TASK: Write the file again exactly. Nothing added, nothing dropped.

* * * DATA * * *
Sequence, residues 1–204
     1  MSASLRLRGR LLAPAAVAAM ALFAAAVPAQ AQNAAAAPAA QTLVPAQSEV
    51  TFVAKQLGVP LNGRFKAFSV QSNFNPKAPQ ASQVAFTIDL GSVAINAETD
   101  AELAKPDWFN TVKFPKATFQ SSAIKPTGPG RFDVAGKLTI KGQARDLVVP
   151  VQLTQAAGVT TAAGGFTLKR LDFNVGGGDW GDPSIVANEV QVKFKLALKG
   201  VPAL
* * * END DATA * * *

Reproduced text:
Sequence, residues 1–204
     1  MSASLRLRGR LLAPAAVAAM ALFAAAVPAQ AQNAAAAPAA QTLVPAQSEV
    51  TFVAKQLGVP LNGRFKAFSV QSNFNPKAPQ ASQVAFTIDL GSVAINAETD
   101  AELAKPDWFN TVKFPKATFQ SSAIKPTGPG RFDVAGKLTI KGQARDLVVP
   151  VQLTQAAGVT TAAGGFTLKR LDFNVGGGDW GDPSIVANEV QVKFKLALKG
   201  VPAL